In April and May 2016, the extension and reinforcement of the international system drew repeated attention in Washington: bringing the Europeans into Asian security, solidifying cohesion with Japan in facing challenges in both the South China Sea and North Korea, assessing and responding to China and to Sino-Russian relations, and, most of all, strategizing about North Korea and the combined US-South Korean role. Reorienting alliances and partnerships and demonstrating US resolve were central objectives on the minds of DC audiences, but discussions often revealed a lack of consensus with various foreign speakers on some questions about how to proceed.
Europe in Asia
One view on European cooperation in Asia argued that the twentieth century system that had mainly been trans-Atlantic was evolving and being extended to new powers and the Asia-Pacific region, as demonstrated in UK diplomacy. While agreement was not in doubt about complementary efforts for better market access, fewer restrictions on investment, and appeals to China to expand its role in the international system, the gap in thinking over the Asian Infrastructure Investment Bank (AIIB) exposed a wider divide about how to approach China. On one side were those who consider the UK embrace of the AIIB a success, helping to shape it into a genuinely multinational organization and proving that engagement works. On the other side were some who wondered how Great Britain could reconcile both an increasingly close economic tie to China (especially counting on it for large investments) and standing firmly with the United States on the South China Sea freedom of navigation and over flight. The uncertainty about how it would deal with the influx of Chinese steel at low prices and the demand by China for market economy status cast a shadow on where Great Britain is heading. Had it abrogated its responsibility in Hong Kong and exited from Southeast Asia? Denials expanded to evidence of closer cooperation with India and Japan and insistence that it works closely with the United States in this part of Asia.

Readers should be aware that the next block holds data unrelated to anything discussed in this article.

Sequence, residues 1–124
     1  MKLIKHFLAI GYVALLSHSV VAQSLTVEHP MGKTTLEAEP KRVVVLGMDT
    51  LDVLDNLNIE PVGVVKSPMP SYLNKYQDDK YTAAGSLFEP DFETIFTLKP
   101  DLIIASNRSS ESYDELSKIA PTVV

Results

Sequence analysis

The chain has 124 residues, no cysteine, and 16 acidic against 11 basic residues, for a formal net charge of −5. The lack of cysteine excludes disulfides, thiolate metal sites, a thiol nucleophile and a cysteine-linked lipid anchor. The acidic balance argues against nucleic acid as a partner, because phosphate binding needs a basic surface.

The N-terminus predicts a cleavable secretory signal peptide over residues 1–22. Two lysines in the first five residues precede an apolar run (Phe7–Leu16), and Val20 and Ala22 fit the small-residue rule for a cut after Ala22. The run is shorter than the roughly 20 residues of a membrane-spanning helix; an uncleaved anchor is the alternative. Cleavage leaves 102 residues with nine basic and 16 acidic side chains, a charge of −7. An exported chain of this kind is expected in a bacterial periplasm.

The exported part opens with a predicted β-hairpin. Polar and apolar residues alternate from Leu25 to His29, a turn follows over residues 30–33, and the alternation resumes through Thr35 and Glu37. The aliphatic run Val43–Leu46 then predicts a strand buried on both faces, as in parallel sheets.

Given Japan’s postwar legacy of restraint in the use of force, questions about how much has changed after 1991, when Japan was left flat-footed by the Gulf War; 2001, when its response to the war on terror showed some evolution; and 2015, when Abe pressed for far-reaching transformation, were addressed by a DC audience. Mostly, opinions converged that the end of certain taboos is good for fostering a clear sense of international responsibility. There was some diversity in explaining the reasons for the changes despite agreement that much depends on who is prime minister and whether the Liberal Democratic Party (LDP) or its opposition is in power. One suggestion is a more cautions US foreign policy has led to a shift from fear of entrapment to fear of abandonment, to the degree that some warn that without more support for its ally Japan might find the alliance in jeopardy. Another suggestion is that what has fundamentally changed is that, for the first time in the 2010s, Japan finds itself threatened on the frontlines of great power conflict. A third suggestion is that Japan’s aspirations for a leadership role in Asia now can only be met by becoming part of a broader alliance network, as states such as Australia, India, and some in Southeast Asia appeal for Japan—not just the United States—to join in collective action. Others detailed how vulnerable Japanese feel—the militarization of territorial disputes, the uncertainty about the deterrence of North Korea, the sudden doubts about defense of the first island chain as Chinese maritime build-up intensifies. Unmet expectations identified on both the US and Japanese sides drove many of the changes, including in operational planning and intelligence sharing. Yet, the low Japanese defense budget and the persistent limitations on how it can contribute to a security challenge remain concerns about “cheap-riding” if not “free-riding.” A long list of weapons Japan could acquire and more integration of command structures were among the ideas offered in DC.